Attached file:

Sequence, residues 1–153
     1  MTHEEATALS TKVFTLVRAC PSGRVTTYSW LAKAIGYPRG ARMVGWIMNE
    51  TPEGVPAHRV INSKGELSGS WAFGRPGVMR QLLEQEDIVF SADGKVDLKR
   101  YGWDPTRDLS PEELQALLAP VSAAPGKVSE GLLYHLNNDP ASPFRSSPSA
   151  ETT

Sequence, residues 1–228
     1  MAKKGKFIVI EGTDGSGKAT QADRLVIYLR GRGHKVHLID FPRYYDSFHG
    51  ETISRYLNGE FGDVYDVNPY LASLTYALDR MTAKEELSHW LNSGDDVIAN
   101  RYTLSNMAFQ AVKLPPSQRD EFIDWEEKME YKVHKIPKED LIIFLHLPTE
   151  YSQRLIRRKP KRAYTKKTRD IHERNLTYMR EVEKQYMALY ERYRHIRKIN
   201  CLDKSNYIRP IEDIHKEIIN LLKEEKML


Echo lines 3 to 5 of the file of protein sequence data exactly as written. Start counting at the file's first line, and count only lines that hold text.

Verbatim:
    51  TPEGVPAHRV INSKGELSGS WAFGRPGVMR QLLEQEDIVF SADGKVDLKR
   101  YGWDPTRDLS PEELQALLAP VSAAPGKVSE GLLYHLNNDP ASPFRSSPSA
   151  ETT